Tags » Sri Aurobindo

The Illusion of the Materialist View of Existence

When Bhrigu, Varuna’s son, as described in the Taittiriya Upanishad, began his practice of concentration of conscious-force (tapas) for the purpose of knowing the Eternal, the first realisation he came to was that Matter (food) was the Eternal. 565 more words

Sri Aurobindo

The All-Uniting Experience That Underpins Self-Knowledge and World-Knowledge

When the seeker following the path of the Yoga of knowledge considers the world, its forms, and the individual ego-personality to be false and illusory, he is responding to the overwhelming intensity of the spiritual truth he experiences. 446 more words

Sri Aurobindo

The Experience of the Mind's Liberation

The practice of Yoga is not an exercise in religion, philosophy or development of a coherent belief system. Yogic practice is intended to change the consciousness of the seeker, the “standpoint” from which one views the world and acts within it. 407 more words

Sri Aurobindo

The Essential Characteristics of the Integral Path of Knowledge

While the traditional path of knowledge leads away from the life of the world, treating it as either an illusion or a lesser reality to be abandoned in order to achieve Oneness with the Supreme, the integral path of knowledge obviously cannot follow this route. 407 more words

Sri Aurobindo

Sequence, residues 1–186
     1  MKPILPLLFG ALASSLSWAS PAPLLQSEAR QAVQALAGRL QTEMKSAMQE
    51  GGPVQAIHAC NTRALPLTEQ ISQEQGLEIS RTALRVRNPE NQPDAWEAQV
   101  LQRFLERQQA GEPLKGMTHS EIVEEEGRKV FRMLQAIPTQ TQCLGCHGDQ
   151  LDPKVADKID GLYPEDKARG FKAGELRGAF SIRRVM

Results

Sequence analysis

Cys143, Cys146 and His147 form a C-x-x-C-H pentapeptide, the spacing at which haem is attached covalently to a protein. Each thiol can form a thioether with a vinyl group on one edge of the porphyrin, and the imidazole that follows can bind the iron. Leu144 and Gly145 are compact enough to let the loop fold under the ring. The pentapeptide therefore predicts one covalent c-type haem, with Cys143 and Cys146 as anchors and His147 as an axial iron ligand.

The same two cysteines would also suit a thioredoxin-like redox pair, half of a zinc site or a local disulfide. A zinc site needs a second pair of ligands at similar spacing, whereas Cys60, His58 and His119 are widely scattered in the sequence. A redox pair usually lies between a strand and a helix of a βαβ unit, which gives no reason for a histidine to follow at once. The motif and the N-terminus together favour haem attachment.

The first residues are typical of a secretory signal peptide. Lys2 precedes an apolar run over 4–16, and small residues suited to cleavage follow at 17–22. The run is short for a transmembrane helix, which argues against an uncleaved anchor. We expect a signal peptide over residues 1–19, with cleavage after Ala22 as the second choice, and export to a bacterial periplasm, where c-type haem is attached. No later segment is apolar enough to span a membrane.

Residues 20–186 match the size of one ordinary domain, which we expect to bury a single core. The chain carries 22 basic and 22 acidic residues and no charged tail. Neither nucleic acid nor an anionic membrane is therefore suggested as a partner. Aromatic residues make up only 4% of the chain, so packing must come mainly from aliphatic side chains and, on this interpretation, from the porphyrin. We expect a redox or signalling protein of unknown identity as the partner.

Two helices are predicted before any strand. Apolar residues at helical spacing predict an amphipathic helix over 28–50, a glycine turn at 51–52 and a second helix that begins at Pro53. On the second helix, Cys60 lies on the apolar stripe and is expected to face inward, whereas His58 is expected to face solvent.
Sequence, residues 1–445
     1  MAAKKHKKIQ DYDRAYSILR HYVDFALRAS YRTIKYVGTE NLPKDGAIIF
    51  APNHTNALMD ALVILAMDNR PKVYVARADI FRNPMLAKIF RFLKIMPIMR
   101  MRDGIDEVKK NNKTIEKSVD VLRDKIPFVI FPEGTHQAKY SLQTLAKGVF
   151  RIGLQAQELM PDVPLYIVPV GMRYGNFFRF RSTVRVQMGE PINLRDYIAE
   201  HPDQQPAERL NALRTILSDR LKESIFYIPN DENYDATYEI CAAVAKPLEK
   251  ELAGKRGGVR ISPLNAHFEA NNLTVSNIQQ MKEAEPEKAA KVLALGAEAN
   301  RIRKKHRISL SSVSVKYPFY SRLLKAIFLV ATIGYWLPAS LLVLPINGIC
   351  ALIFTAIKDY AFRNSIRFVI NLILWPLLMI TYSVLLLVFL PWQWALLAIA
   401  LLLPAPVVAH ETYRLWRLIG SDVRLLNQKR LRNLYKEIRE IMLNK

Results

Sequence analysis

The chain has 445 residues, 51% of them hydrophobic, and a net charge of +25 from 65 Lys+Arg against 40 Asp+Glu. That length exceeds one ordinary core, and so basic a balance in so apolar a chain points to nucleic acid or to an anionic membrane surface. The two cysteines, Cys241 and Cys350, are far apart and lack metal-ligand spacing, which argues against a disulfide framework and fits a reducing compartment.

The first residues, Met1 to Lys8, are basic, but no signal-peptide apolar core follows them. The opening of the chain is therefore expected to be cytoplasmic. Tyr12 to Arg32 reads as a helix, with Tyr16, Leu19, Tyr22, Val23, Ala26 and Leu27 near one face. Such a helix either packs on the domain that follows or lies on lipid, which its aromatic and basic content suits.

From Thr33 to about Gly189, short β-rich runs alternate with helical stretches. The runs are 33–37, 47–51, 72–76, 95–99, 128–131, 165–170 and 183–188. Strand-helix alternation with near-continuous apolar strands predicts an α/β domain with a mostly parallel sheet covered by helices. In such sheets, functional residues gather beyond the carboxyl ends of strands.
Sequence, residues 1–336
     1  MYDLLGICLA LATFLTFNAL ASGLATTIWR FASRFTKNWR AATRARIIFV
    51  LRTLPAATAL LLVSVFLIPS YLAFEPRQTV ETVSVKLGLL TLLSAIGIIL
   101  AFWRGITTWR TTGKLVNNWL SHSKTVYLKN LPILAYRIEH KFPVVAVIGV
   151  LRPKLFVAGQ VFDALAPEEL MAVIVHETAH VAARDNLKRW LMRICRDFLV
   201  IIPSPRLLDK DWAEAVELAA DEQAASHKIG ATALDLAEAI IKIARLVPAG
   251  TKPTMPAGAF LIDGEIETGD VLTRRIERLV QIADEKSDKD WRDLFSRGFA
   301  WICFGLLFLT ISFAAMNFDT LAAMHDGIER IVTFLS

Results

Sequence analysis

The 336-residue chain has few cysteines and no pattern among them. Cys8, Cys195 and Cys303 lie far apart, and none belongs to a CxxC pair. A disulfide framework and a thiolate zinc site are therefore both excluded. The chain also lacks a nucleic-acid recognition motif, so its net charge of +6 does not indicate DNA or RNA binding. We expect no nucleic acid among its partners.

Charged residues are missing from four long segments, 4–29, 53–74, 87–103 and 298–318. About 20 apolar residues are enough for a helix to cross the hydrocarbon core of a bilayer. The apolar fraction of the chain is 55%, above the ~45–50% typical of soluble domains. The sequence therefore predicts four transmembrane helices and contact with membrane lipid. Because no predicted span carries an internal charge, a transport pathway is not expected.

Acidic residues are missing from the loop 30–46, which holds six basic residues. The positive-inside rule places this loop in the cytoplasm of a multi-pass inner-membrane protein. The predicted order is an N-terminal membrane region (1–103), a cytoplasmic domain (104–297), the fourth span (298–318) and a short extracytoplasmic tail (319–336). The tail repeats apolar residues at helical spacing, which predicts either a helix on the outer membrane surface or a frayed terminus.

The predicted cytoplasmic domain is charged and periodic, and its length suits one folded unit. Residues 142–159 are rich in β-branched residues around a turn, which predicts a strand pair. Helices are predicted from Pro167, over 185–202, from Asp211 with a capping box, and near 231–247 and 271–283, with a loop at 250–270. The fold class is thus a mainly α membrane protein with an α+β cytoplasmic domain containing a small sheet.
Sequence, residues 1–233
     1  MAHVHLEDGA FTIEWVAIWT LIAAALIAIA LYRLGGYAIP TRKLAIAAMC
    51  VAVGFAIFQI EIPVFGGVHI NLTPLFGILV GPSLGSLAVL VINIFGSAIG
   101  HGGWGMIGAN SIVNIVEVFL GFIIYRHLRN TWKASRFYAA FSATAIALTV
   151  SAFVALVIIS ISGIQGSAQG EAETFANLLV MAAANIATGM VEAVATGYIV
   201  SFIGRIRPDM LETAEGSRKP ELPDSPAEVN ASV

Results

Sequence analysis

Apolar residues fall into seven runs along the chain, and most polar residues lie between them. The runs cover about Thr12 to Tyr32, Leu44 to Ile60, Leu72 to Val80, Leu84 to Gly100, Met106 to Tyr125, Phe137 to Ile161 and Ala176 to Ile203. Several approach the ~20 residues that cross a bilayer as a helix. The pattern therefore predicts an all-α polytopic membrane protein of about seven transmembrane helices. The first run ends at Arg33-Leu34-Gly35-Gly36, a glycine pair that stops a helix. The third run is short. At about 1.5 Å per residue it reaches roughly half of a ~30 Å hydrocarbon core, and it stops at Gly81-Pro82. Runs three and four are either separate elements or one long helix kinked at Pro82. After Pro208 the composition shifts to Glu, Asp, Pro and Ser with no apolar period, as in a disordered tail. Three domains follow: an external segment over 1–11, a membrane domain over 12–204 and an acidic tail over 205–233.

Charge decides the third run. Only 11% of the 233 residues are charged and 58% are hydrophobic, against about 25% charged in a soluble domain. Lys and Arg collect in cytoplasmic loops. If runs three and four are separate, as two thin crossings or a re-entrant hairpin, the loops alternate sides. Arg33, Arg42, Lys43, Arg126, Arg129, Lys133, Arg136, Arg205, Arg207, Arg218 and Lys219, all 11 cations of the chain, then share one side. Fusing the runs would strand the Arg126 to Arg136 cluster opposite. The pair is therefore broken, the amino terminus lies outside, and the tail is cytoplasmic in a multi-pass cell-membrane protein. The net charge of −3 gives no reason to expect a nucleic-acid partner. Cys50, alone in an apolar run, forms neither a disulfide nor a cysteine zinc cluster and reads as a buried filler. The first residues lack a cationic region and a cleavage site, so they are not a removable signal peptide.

The Mind Is Not the Sole Judge of Existence and Its Significance

Western philosophy in particular has been captured by the lure of the mental process as the touchstone of truth. Rene Descarte famously declared “I think, therefore I am.” For those who have a strongly developed mental capacity, the lure is very strong to declare the mind the arbiter of what is real and what is unreal, what is true and what is false. 419 more words

Sri Aurobindo

The Will Is the Determining Factor in Life

The term “tapas” or “tapasya” in Sanskrit represents an essential concept in the practice of Yoga. ordinarily translated as “austerity” or “askesis”, the term has a much more essential sense to it, akin to the concept of “will” or “concentration in thought”, the focused and one-pointed gathering of the faculties to allow a breakthrough in understanding beyond the limits of body, life and the normal actions of the mind. 475 more words

Sri Aurobindo

The Mental Framework Provides the Initial Leverage For the Yoga of Knowledge

The Yoga of knowledge begins with the basic capabilities of the mind in order to experience and eventually identify with the Supreme. The mind has the capacity to withdraw itself from the events and forms and experiences of the outer world, to become a quiescent witness or passive observer of things and events. 252 more words

Sri Aurobindo